Urban Language coordinated an excursion for the International New Town Institute (INTI) with as central theme the new towns and new cities around Shanghai.
 

Urban Flux

Beijing, Summer 2009
The Chinese magazine Urban Flux invited Harry den Hartog as a guest-editor to make this special issue on Dutch Architects and China. The magazine also discusses the state of architecture in the Netherlands.
 

BNSP workshop discussion

Amsterdam, 22 October 2009
Urban Language organized a workshop discussion on the urbanization of the Dutch countryside during a BNSP Congress.
 

Shanghai Dialogues

Shanghai, 17 October 2009
Urban Language mediated the Chinese contacts during a Sino-Dutch conference, as part of the Shanghai International Creative Industry Week.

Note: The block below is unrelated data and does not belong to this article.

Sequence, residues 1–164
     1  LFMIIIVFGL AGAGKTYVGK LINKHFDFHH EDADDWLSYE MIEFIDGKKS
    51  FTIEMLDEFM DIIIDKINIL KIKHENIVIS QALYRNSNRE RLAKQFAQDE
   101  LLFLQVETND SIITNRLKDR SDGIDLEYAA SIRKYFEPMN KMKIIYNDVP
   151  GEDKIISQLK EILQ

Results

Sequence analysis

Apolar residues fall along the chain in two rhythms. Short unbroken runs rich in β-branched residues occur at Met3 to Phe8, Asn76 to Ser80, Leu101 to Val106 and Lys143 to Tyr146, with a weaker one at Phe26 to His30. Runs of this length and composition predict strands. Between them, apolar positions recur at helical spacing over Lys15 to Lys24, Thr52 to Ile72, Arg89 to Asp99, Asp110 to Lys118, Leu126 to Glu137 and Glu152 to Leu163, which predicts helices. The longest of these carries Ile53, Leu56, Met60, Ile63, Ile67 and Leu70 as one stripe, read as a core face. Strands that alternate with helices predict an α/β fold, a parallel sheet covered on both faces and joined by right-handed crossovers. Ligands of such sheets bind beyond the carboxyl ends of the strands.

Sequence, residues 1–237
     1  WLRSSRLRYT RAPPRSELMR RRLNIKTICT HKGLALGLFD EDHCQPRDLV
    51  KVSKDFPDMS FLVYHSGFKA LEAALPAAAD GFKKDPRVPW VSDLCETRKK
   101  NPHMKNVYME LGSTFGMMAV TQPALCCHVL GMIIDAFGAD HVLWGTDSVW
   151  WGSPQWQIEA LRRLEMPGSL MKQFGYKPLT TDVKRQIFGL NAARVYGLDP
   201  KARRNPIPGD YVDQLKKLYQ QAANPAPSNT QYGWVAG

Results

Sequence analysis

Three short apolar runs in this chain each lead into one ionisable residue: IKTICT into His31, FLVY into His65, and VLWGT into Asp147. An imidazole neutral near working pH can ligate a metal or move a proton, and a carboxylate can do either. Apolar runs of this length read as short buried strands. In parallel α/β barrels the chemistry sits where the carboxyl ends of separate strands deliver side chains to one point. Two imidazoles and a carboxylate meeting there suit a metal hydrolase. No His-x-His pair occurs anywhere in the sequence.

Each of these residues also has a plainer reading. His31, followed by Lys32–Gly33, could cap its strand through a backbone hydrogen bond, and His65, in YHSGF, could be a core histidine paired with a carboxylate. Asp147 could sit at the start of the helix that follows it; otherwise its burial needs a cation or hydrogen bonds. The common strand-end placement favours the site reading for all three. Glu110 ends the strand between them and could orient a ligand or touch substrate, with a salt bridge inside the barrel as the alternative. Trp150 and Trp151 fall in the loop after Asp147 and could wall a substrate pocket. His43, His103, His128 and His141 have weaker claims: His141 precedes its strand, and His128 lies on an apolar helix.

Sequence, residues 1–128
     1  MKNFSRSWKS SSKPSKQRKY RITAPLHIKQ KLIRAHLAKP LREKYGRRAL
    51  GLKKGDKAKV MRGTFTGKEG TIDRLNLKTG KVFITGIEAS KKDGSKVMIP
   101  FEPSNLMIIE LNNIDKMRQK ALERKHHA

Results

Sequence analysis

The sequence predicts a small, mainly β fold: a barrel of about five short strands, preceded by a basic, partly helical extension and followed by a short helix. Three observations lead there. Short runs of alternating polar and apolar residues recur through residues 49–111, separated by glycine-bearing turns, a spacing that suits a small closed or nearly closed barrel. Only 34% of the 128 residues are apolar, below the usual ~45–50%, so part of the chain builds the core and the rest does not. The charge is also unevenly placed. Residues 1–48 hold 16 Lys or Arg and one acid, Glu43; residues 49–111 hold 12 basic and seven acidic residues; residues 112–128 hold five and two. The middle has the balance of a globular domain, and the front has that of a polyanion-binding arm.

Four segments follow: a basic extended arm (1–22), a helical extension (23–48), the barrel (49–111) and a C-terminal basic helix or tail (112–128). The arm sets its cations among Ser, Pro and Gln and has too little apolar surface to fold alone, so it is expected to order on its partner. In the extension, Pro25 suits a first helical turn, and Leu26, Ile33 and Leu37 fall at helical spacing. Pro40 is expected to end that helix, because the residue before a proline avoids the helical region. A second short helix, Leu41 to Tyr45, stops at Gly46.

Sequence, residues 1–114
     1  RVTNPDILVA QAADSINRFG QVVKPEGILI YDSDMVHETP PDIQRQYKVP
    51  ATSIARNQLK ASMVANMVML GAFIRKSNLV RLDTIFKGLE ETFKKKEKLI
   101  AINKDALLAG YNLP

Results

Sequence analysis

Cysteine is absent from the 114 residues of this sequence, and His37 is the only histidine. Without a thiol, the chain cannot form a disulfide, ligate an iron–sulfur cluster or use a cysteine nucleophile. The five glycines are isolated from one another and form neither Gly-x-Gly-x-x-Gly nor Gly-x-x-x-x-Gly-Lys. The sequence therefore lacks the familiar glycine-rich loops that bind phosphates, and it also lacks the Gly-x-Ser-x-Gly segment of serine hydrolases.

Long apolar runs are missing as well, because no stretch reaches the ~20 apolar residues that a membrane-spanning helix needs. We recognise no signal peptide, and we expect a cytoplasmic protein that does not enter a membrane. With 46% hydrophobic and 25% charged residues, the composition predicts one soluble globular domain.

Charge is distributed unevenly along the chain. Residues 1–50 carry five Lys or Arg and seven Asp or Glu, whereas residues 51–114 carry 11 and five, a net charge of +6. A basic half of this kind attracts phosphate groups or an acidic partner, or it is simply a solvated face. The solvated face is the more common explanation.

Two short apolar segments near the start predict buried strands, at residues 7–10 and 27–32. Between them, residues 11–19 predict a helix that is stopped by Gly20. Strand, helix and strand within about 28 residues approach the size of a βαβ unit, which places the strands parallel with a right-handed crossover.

Shanghai Globalism

Shanghai, 2009
Organisation of a study tour to the 'One City - Nine Towns' development around Shanghai commissioned by New York University.
 

Urban Galleries

Nanjing - Rotterdam, 2009
Organization of a study trip through Germany and the Netherlands for a group of young Chinese designers and critics with a special interest in museums
 

Are cities more important than countries?

Rotterdam, 2008-2009
Publication commissioned by the Institute for Housing and Urban Development Studies (IHS) on the occasion of its 50th anniversary
 

Urban Meetings

Rotterdam, October 2008
Urban Language made a series of reports and an essay, commissioned by the Institute for Housing and Urban Development Studies (IHS), meant to explore the outlines of an 'Urban Agenda' for the 21st century.
 

A Wider View

Apeldoorn, summer and spring 2008